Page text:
August 21, 2013
Students holding a sign that says, "Students seeking success"

How to Succeed This School Year (or Any School Year)

Whether you are a new freshman or someone returning to school to boost your résumé or make a career change, I’m sure you want to get off on the right foot this semester. Here are a few ways to lay the groundwork for a great school year—and a successful college experience.

Set goals—and keep them top of mind.

College is challenging. It’s easier to keep working hard when you have something to work toward. Remind yourself often why you’re at college, and what you plan to do after you leave. Early in the semester, spend some time defining short-term and long-term goals. Think about the steps you need to take to achieve those goals as well as the roadblocks that might be standing in your way.

Make school a priority.

It goes without saying that you’ll get a lot more out of college if you attend classes and keep up with reading and homework. Don’t overschedule yourself. Make school a top priority.

Study smarter.

Develop a good organizational system for keeping track of school assignments, upcoming exams and project deadlines, and any other important dates. Set aside time for studying in a place that works for your learning style (a coffee shop might work for some, while a quiet desk might be preferable for others). When you’re studying, remember to aim for shorter sessions as opposed to long marathons, and switch between subjects. Your mind will stay fresher that way. Use multiple methods to study – don’t just read. Instead, take notes, answer questions out loud, quiz a friend. Finally, join a study group – studying with other people can keep you motivated and focused.

Schedule time for school work.

To really succeed in college, you must master the art of time management. If you work part time or full time or have a family, this is especially important. Make a schedule that includes all the demands on your time, and be sure to schedule in study time. If you have a family, let them know what your study time is and make a plan with them not to bother you.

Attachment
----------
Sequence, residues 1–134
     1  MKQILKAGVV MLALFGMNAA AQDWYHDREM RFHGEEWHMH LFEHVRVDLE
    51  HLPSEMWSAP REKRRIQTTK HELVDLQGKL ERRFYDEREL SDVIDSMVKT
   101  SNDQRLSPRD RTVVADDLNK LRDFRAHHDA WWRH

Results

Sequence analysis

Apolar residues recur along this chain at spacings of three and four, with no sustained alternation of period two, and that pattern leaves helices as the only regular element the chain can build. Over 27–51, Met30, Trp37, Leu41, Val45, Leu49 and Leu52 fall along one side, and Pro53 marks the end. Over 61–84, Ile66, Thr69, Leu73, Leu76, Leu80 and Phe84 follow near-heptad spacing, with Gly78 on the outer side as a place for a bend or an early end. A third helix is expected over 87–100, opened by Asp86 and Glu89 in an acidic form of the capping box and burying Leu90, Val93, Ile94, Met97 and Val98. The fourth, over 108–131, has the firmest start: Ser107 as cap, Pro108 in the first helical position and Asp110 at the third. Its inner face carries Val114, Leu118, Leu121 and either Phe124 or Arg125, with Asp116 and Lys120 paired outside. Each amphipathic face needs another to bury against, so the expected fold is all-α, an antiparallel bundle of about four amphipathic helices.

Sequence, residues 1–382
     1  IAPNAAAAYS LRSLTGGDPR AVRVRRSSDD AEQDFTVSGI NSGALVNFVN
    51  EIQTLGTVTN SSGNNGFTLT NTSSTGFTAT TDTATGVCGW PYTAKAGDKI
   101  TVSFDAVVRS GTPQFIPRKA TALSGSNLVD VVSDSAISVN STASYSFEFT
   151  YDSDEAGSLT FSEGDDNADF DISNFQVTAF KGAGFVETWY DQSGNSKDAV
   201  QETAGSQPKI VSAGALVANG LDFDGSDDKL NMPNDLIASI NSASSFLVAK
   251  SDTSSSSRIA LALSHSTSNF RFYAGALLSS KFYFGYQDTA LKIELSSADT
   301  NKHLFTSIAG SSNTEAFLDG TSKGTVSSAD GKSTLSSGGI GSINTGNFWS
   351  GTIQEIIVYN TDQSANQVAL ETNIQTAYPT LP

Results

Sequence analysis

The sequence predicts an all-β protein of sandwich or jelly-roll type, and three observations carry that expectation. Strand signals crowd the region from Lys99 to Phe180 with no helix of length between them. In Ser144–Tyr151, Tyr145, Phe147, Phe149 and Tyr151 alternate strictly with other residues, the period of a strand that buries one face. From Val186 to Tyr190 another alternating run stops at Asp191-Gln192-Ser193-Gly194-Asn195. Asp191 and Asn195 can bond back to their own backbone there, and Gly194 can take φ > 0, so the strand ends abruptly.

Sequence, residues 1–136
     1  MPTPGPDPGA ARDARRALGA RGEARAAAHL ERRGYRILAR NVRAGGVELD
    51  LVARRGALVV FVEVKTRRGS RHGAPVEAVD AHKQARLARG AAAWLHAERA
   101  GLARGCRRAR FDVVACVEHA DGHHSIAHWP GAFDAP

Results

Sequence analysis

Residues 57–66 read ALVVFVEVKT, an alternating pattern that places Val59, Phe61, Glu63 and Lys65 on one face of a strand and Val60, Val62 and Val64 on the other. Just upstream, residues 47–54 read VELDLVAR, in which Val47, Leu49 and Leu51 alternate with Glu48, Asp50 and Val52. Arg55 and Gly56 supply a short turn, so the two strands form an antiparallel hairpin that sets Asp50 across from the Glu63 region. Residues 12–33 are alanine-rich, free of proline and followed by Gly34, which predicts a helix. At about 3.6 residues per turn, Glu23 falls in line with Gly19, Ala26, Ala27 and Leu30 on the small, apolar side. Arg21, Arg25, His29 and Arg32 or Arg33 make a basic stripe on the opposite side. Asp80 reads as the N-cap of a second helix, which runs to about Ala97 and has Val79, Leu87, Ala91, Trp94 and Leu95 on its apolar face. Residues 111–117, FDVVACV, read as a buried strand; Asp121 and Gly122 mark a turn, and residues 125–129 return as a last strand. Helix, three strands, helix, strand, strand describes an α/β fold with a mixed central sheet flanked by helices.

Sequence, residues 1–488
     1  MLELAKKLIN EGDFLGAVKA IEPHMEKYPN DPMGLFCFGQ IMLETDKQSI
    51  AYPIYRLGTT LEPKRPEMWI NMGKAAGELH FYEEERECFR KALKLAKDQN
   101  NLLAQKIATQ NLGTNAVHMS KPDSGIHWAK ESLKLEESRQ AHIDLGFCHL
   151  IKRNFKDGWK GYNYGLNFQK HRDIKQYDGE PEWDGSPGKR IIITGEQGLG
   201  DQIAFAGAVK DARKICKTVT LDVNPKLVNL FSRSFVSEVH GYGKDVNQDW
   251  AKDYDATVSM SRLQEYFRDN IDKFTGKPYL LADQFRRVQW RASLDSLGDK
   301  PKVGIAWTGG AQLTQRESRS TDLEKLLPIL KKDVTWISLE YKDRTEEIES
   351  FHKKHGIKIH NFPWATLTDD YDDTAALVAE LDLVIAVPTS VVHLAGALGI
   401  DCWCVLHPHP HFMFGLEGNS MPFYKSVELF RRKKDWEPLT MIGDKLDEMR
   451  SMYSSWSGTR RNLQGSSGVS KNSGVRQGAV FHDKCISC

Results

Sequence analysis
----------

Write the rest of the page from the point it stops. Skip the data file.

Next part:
Take advantage of resources.

Colleges have a variety of support services. FRCC campuses, for example, offer tutoring, academic support labs, disability services, veteran services, a program to support single parents, and more. Reach out for help if you need it. And don’t forget your teachers. Talk to them! Go to office hours—your teachers really do want to hear from you.

If this is your first time at college, what are you doing to make sure your college experience is a successful one? If you’re a returning student, what has and hasn’t worked for you in years past?

About the author:

Andy Dorsey is the President of Front Range Community College. He joined FRCC in 1993, teaching psychology and economics and earning Master Teacher honors in 1999. Before becoming an educator, he worked as a project manager in two businesses, non-profit manager, and legislative director for a Congressman.

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